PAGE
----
CS 7301-002: Language-based Security

Course Information

Title: CS 7301-002: Language-based Security
Course Registration Number: 21422
Times: TR 2:30-3:45
Location: ECSS 2.203
Instructor: Dr. Kevin Hamlen (hamlen AT utdallas)
Instructor's Office Hours: TBA, ECSS 3.704

Course Summary

This course will introduce and survey the emerging field of Language-based Security, in which techniques from compilers and programming language theory are leveraged to address issues in computer security. Topics include:

  1. Certifying Compilers
  2. In-lined Reference Monitors
  3. Typed Intermediate Languages
  4. Typed Assembly Languages
  5. Automated Theorem Provers
  6. Model-checking
  7. Software Fault Isolation

The aim of the course is to allow each student to develop a solid understanding of at least one of these topics, along with a more general familiarity with the range of research in the field. In-course discussion will highlight opportunities for cutting-edge research in each area. If you do research involving software security, this course will provide you with an array of powerful tools for addressing software security issues. If you do research involving programming languages or compilers, this course will show you how to take techniques that you already know and apply them to a new and important problem domain. If your career involves management or development of high-assurance software systems, this course will provide a comparative analysis of traditional versus language-based techniques.

The course is open to Ph.D. students and Masters students. Interested undergraduates should see the instructor for permission to take the course.

Suggested (non-mandatory) prerequisite: CS 6371 Advanced Programming Languages (or taken concurrently)


Homework: Homeworks will consist of assigned readings, usually one required paper per class session. Students must thoroughly read each paper before class in order to adequately prepare for in-class quizzes and discussions.

Quizzes (25%): Each class will begin with a short quiz testing the students comprension of the assigned reading for the day. Questions will typically be multiple choice or short answer. The easier questions will be designed to test whether the student has read the material at all, and the harder ones will test deep understanding of more subtle points.

Presentations (25%): Each student will be assigned 1-2 days during the semester during which they will present the assigned reading for that day in a 45-minute lecture. Each presentation should provide a technical overview of the paper, a description of how the paper fits into the broader context of the material covered in the course, and should pose interesting questions or challenges for in-class discussion. Students will also present their class projects at the conclusion of the class (see below), and this constitutes part of their presentation grade.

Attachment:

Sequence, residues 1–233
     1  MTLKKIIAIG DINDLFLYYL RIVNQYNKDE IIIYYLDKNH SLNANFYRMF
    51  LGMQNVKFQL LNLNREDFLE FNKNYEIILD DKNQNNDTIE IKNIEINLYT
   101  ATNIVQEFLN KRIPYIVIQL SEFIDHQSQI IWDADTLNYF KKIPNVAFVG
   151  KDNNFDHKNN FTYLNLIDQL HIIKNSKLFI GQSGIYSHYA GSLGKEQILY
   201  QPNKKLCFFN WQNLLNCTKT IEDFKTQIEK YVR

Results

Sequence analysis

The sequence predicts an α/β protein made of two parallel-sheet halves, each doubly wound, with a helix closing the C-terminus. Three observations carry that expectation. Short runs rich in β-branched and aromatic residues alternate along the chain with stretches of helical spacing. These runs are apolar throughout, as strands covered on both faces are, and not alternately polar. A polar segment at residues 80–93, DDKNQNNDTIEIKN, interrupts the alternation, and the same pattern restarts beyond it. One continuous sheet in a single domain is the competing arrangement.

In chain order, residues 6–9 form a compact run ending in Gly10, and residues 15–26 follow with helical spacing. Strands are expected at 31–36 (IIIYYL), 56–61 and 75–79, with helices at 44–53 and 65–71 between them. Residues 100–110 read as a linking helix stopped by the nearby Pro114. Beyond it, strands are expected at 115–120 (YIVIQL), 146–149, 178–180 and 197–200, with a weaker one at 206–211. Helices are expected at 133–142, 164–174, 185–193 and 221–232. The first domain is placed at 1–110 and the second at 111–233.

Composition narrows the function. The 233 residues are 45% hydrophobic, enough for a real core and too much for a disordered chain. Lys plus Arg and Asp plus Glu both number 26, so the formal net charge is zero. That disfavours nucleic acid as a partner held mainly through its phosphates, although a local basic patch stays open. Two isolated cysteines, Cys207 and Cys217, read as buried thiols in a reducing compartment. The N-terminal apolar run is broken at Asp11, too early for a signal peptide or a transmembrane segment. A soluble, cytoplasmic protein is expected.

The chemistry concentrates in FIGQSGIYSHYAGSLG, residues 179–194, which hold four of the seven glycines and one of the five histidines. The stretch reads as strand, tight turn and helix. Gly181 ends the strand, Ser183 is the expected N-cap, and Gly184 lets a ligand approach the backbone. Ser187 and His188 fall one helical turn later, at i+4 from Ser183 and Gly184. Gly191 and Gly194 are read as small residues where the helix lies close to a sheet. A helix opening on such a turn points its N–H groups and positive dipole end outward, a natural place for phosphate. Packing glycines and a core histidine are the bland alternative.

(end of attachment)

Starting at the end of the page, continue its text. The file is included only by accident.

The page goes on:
Class Participation (10%): Students are expected to come to class having read the assigned paper(s), and prepared with questions, critiques, and discussion topics. Regular attendance and class participation will count 10% towards their grades in the course.

Project (40%): Students will work individually or in a team of two to four to complete a course-related project. All project ideas are individually approved by the instructor. Project proposals will be due early in the semester (deadline to be announced). A typical project involves implementing one of the concepts described in one of the assigned readings, or by using one or more of the research-level software packages covered in class to do an interesting program analysis or to address a non-trivial vulnerability. Some overlap of class projects with the student's doctoral or masters thesis research is both permitted and encouraged.


The course has no required textbook, but two electronic texts available through the UTD library may be useful:

Tentative Course Schedule

Date Topic Presenter(s)
Introduction and Review
Tue 1/11 Introduction: Software Security Instructor
Thu 1/13 Introduction: Language-based Security Foundations and Notations Instructor
Tue 1/18 Introduction: Static vs. Dynamic Analysis
  • Assigned Reading: Fred B. Schneider, Greg Morrisett, and Robert Harper. A Language-based Approach to Security. Informatics: 10 Years Back, 10 Years Ahead, Lecture Notes in Computer Science, 2000.
Automated Theorem-proving
Thu 1/20 ACL2 Vishwath
(ACL2 tutorial)
Tue 1/25 Coq Vishwath
(ACL2 tutorial cont.)
Thu 1/27 No Class (POPL Conference)
Tue 2/1 No Class: University closed due to weather
Thu 2/3 No Class: University closed due to weather
In-lined Reference Monitors
Tue 2/8 SASI Micah
Thu 2/10 SPoX Micah
Tue 2/15 Type-based IRM Certification Instructor
Thu 2/17 Mobile Instructor
Tue 2/22 Model Checking
  • Assigned Reading: Stephan Merz. Model Checking: A Tutorial Overview. In F. Cassez et al. (eds): Modeling and Verification of Parallel Processes, LNCS 2067, 3-38, 2001.
  • Please read Section 1, Section 3 before Theorem 7, and Section 4.
Thu 2/24 Model-Checking IRM's Meera
Software Fault Isolation
Tue 3/1 Google Native Client Richard
Thu 3/3 CISC SFI Without Source Code Richard
Tue 3/8 Intro to Information Flow
Thu 3/10 Robusta Elmer
Tue 3/15 No Class (Spring Break)
Thu 3/17 No Class (Spring Break)
Tue 3/22 Mimimorphism Trev
Thu 3/24 Hybrid Static-Dynamic Analysis Joseph
Tue 3/29 Exploiting Malware Bugs for Defense John
Thu 3/31 Instruction Set Obfuscation Erik
Information Flow
Tue 4/5 Info Flow Vulnerabilities Lily
Thu 4/7 IRM-based Info Flow Enforcement Kevin
Tue 4/12 Declassification Eric
Thu 4/14 Distributed Info Flow Gil
Project Presentations
Tue 4/19 Project Presentation
Course Evaluations
Joseph, Vishwath, and Trevor
Thu 4/21 Project Presentation Kevin, Eric, and Meera
Tue 4/26 Project Presentation Erik, Gil, and Richard
Thu 4/28 Project Presentation Micah, Lily, and Elmer